I’ll offer the disclaimer here and say that there’s a slim possibility that I’m wrong, but seeing as I’m never usually wrong I’ll take my chances. I compare John Laurinaitis to three prominent antagonists in popular culture. The first is Xanatos, of Gargoyles fame. A rich man, a genius man, he was something like Disney’s response to Tony Stark. He was obsessed with his own ego and far from incapable of taking matters into his own hands when the situation called for it. Though he was the first to really assert a level of familiarity with the clan, he was also the first to screw them over, and as a result he became the main villain in the first season, and a very uneasy ally in the later ones. He and the protagonist of the show, Goliath, voiced by the incomparable Keith David, were enemies from the start and remained enemies long past the show’s conclusion, but they weren’t out to kill each other any longer. Xanatos’ greatest strengths were his resources and his intellect, knowing when to strike and when to retreat on some Sun Tzu type of stuff. His approach to villainy was subtle, self-serving, and eventually a bit relateable, a hell of a lot more relatable than Light from Death Note at least.
The second is from Mass Effect lore, and since that franchise has grown to levels similar to Star Wars in terms of fanbase and hatred, I think its appropo. Jack Harper is a pro-human man with a penchant for chain smoking and showing off his taco meat. He likes his women young, well endowed, highly skilled and wearing skin tight clothing (if that; I’ve seen the Shadow Broker files) and he wants nothing more than to assert humans as the dominant species in the universe. Is his heart in the right place? Arguably; it IS an extreme brand of patriotism but an admirable one. His virtually unlimited resources (no doubt a result of his being a Sheen) help him not only play the role of God but successfully navigate the genocide of a species and expand his multi-billion credit empire to extreme ends. If you’re a fan of Mass Effect and aren’t quite following I apologize: I’m talking about the Illusive Man. Spoiler alert. Pipe bomb. Much like Xanatos, Harper’s greatest strength is his intelligence. Like the Shadow Broker, whether it’s a yahg or an asari or Cary Elwes, information is his greatest strength. He fights his enemies behind the scenes, whether they are aliens invading, machines trying to harvest, or defectors rebelling against the people that repaired them.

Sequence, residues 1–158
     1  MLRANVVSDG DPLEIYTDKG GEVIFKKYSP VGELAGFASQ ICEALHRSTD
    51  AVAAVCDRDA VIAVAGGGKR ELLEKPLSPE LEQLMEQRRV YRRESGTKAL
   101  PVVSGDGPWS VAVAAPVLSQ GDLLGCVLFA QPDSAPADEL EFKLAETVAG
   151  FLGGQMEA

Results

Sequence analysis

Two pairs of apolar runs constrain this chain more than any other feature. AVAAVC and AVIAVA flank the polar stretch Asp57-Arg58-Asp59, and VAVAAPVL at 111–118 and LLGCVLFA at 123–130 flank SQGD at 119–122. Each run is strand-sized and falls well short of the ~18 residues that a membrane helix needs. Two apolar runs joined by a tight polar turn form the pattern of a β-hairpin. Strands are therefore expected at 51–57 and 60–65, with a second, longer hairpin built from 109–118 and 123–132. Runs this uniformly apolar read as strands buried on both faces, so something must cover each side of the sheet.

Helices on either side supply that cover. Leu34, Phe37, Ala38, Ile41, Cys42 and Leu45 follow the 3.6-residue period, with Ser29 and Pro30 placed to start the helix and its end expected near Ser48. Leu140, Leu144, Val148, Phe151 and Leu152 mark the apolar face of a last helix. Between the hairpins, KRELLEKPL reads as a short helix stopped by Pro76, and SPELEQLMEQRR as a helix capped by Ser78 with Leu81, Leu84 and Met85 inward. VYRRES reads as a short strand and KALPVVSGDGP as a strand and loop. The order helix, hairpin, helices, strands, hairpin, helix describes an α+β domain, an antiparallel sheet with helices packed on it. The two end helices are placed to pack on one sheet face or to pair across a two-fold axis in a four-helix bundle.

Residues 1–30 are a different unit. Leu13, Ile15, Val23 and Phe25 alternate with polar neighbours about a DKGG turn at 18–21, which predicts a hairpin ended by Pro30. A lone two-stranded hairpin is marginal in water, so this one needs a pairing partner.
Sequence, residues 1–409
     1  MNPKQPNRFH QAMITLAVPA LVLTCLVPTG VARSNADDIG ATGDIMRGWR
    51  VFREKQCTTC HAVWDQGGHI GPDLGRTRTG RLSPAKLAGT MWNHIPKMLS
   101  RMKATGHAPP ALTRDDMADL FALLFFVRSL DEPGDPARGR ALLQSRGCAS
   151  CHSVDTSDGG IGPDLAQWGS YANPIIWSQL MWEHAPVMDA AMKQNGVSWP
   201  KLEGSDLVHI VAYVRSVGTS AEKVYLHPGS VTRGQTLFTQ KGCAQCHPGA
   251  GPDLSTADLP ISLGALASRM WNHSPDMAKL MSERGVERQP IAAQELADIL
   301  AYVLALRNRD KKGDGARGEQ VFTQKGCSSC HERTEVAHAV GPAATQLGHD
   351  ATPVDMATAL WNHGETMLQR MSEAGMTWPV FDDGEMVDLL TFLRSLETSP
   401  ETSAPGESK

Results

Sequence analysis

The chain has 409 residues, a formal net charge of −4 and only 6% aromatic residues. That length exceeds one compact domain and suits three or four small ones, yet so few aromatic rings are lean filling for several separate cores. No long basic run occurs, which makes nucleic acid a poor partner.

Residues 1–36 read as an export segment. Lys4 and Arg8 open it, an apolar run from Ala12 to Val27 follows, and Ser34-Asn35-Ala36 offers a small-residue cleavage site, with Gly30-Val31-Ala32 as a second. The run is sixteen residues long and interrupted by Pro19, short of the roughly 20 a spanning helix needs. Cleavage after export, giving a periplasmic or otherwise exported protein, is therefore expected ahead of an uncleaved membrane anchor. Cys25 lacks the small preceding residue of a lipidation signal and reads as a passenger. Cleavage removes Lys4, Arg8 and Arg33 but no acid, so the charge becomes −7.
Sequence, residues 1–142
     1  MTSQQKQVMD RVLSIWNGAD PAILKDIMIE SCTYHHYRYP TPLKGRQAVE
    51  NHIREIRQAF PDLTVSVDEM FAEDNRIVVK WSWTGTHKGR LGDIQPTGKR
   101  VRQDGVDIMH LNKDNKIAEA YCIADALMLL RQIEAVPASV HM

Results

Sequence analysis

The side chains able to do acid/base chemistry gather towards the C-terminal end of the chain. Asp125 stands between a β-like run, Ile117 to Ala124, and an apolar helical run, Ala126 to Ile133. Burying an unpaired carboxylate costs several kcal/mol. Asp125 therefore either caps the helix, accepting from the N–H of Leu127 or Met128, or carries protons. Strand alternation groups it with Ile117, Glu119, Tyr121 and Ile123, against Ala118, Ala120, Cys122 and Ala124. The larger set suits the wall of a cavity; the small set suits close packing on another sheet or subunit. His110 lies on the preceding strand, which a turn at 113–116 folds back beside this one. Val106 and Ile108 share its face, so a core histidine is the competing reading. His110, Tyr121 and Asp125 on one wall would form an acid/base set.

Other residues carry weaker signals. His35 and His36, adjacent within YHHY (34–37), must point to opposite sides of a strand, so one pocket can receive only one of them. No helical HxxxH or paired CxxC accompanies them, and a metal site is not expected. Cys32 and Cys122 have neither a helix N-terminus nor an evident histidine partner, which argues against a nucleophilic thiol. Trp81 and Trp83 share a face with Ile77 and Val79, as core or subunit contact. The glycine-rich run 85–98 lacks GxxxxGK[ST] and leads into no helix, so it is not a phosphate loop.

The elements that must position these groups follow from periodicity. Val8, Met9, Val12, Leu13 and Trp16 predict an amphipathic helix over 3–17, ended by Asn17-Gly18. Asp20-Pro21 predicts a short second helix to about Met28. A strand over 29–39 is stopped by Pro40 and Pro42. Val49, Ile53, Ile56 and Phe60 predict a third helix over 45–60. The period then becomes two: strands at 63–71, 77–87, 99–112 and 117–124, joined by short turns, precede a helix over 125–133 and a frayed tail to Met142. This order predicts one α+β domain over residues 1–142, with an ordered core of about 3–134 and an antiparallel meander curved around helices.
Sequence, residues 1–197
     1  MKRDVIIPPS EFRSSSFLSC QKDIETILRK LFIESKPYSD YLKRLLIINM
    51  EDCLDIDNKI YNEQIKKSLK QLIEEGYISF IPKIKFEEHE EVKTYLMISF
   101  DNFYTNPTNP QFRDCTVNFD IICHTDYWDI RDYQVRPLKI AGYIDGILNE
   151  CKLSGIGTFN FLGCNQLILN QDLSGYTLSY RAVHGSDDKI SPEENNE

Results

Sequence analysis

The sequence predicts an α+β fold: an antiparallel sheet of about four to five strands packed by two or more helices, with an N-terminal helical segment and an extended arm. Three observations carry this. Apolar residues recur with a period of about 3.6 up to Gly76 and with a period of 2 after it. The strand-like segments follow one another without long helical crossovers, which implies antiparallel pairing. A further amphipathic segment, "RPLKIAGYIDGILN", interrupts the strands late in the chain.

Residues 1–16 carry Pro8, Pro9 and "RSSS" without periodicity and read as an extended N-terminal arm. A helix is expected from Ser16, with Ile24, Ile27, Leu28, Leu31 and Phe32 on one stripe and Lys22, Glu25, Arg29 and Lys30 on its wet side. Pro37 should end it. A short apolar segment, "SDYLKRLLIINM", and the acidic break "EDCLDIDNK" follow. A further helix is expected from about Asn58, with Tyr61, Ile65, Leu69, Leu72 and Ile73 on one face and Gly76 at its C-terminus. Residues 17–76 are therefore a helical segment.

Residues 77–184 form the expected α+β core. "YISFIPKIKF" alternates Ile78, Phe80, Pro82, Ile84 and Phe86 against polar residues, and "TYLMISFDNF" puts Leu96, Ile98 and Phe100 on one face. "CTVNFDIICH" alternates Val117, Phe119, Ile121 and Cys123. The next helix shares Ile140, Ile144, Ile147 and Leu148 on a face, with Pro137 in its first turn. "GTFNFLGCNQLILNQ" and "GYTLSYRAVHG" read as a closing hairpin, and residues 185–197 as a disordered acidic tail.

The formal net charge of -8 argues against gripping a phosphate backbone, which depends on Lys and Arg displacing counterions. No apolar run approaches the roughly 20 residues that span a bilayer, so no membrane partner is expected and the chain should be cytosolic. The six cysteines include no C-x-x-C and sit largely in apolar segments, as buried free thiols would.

The final comparison is the most relevant one and the only one that can’t properly be explained through examples. A quote can, however, tell more than even all the words of this piece will be able to. Verbal’s haunting words from (originator Charles Baudelaire) The Usual Suspects:
“You never knew. That was his power. The greatest trick the Devil ever pulled was convincing the world he didn’t exist.”